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Soldiers of God (Vintage Departures) Paperback – 27 Nov 2001

4.0 out of 5 stars 2 customer reviews

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Product details

  • Paperback: 280 pages
  • Publisher: Vintage Books; 1st Vintage Departures Ed edition (27 Nov. 2001)
  • Language: English
  • ISBN-10: 1400030250
  • ISBN-13: 978-1400030255
  • Product Dimensions: 13.1 x 1.6 x 20.3 cm
  • Average Customer Review: 4.0 out of 5 stars  See all reviews (2 customer reviews)
  • Amazon Bestsellers Rank: 932,619 in Books (See Top 100 in Books)
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Product description


"Robert Kaplan [is] a scholarly and adventurous journalist. . . . He draws attention to long-term trends that other writers have little noted." --"The New York Times"
"Soldiers of God is a thoughtful, insightful, highly readable book. Battlefield smart, rock solid." --Dan Rather
"Affecting and informative. . . . [Kaplan] answer[s] a number of important political questions." --"The New Yorker"
"[A] first-rate account. . . . [Kaplan's] combination of firsthand war experience inside Afghanistan and extensive reporting . . . makes him sensitive to distinctions that often escaped even devoted promoters of the muj[ahidin]." --"The Wall Street Journal"

Robert Kaplan [is] a scholarly and adventurous journalist. . . . He draws attention to long-term trends that other writers have little noted. "The New York Times"
Soldiers of God is a thoughtful, insightful, highly readable book. Battlefield smart, rock solid. Dan Rather
Affecting and informative. . . . [Kaplan] answer[s] a number of important political questions. "The New Yorker"
[A] first-rate account. . . . [Kaplan s] combination of firsthand war experience inside Afghanistan and extensive reporting . . . makes him sensitive to distinctions that often escaped even devoted promoters of the muj[ahidin]. "The Wall Street Journal""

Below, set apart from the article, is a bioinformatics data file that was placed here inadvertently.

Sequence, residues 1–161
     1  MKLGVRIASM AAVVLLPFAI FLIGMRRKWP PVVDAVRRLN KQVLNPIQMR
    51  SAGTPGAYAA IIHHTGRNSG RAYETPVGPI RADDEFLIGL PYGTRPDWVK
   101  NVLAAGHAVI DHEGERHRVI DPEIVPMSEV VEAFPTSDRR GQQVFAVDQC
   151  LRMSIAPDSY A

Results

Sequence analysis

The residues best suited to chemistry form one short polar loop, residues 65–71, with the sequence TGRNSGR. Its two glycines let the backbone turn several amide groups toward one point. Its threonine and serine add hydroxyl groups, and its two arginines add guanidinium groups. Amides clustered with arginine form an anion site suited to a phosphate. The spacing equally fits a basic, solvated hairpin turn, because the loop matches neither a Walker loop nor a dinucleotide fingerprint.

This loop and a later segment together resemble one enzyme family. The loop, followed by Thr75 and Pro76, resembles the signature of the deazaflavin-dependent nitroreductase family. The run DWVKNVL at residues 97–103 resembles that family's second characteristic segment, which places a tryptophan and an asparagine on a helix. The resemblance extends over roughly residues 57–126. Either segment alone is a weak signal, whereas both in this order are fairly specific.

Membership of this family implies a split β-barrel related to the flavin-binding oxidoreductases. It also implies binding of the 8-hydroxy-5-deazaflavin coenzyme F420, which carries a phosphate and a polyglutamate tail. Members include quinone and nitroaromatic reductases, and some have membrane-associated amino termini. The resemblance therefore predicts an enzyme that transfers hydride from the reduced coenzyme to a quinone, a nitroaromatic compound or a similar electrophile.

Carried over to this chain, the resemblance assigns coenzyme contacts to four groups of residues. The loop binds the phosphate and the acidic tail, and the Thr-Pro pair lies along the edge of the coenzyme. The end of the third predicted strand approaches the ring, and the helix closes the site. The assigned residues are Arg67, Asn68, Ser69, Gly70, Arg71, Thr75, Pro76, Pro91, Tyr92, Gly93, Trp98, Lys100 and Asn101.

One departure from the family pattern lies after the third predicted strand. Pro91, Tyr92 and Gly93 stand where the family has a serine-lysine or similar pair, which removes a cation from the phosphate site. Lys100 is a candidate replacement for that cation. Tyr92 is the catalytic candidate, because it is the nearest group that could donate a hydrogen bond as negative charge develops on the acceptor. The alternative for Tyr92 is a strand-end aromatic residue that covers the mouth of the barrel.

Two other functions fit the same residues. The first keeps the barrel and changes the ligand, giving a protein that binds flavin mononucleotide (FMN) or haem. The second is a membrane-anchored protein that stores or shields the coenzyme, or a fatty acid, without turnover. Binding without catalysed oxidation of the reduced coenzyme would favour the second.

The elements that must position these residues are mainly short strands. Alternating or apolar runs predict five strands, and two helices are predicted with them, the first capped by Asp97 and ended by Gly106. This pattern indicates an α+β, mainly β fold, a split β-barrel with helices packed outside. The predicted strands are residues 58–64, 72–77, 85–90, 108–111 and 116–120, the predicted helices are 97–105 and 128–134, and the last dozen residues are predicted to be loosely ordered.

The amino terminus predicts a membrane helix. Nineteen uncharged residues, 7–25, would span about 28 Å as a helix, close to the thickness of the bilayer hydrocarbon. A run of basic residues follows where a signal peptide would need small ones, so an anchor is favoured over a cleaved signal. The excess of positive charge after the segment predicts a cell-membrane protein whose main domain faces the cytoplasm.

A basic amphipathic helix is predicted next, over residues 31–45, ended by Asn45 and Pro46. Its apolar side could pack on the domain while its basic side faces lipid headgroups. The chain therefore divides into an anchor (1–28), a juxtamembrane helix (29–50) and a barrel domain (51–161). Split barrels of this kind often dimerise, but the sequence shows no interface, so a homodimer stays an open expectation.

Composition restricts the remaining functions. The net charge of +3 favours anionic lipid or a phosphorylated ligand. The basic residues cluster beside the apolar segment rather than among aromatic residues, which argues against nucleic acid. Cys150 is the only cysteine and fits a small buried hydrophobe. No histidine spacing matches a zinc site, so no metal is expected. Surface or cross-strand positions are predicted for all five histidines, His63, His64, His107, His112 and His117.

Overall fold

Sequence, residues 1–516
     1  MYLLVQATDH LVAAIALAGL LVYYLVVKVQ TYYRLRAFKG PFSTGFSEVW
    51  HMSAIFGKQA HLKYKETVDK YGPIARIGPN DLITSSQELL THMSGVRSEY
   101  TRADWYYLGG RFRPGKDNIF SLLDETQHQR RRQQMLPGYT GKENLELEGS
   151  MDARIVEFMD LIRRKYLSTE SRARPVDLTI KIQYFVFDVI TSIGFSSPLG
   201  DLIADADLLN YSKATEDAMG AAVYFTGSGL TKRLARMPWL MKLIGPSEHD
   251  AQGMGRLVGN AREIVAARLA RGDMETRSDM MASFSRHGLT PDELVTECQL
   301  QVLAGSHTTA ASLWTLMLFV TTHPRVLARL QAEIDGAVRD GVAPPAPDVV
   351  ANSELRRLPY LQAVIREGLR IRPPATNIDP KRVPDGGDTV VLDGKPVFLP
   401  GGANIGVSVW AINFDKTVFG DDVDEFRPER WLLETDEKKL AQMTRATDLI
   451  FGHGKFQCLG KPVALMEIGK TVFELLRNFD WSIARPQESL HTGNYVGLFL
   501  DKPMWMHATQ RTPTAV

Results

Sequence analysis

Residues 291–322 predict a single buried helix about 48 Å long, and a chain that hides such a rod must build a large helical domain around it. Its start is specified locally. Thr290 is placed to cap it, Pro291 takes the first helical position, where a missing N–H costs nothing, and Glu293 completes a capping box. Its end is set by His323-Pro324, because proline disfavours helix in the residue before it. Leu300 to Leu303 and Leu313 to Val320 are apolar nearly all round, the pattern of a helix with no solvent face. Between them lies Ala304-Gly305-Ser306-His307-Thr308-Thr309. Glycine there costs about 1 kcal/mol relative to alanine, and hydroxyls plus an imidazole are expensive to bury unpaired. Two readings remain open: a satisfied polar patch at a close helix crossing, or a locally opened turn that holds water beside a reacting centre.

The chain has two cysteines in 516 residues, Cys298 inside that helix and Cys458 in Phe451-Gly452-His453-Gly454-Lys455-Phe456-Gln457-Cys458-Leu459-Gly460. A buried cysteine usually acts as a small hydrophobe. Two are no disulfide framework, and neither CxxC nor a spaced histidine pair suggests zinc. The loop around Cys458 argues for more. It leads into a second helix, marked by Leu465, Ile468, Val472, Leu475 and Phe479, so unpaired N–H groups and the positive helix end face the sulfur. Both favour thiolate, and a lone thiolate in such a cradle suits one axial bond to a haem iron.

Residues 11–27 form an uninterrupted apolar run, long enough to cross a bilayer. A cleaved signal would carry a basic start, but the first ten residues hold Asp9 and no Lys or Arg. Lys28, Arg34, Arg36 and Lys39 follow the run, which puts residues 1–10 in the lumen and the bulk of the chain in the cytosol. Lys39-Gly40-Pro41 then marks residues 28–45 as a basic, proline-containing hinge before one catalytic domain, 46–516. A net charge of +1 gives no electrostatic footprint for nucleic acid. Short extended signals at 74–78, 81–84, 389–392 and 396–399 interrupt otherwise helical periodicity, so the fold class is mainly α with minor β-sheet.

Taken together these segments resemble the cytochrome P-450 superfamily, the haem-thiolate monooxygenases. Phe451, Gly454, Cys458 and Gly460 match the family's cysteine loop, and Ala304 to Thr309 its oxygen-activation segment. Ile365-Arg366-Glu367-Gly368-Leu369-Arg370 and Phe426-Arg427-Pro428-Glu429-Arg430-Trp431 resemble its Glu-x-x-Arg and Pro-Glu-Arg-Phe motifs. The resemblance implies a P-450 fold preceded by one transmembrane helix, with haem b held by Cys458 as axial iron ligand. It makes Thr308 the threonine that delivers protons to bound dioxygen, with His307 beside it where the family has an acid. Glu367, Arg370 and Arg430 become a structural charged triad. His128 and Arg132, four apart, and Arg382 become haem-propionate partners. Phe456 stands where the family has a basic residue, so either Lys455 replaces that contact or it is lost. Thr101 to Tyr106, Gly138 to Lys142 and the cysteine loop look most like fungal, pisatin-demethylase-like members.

From the Inside Flap

First time in paperback, with a new Introduction and final chapter
World affairs expert and intrepid travel journalist Robert D. Kaplan braved the dangers of war-ravaged Afghanistan in the 1980s, living among the mujahidin--the "soldiers of god"--whose unwavering devotion to Islam fueled their mission to oust the formidable Soviet invaders. In Soldiers of God we follow Kaplan's extraordinary journey and learn how the thwarted Soviet invasion gave rise to the ruthless Taliban and the defining international conflagration of the twenty-first century.
Kaplan returns a decade later and brings to life a lawless frontier. What he reveals is astonishing: teeming refugee camps on the deeply contentious Pakistan-Afghanistan border; a war front that combines primitive fighters with the most technologically advanced weapons known to man; rigorous Islamic indoctrination academies; a land of minefields plagued by drought, fierce tribalism, insurmountable ethnic and religious divisions, an abysmal literacy rate, and legions of war orphans who seek stability in military brotherhood. Traveling alongside Islamic guerrilla fighters, sharing their food, observing their piety in the face of deprivation, and witnessing their determination, Kaplan offers a unique opportunity to increase our understanding of a people and a country that are at the center of world events.

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By A Customer on 8 Feb. 2002
Format: Paperback
This is a superb book, thought provoking, factual, and easy to read. The story of Afghanistan has always seemed remote, despite Sept. 11, but this book brings home the sheer scale of the human tragedy, and the sheer humanity of the Afghan people. Read, think, enjoy.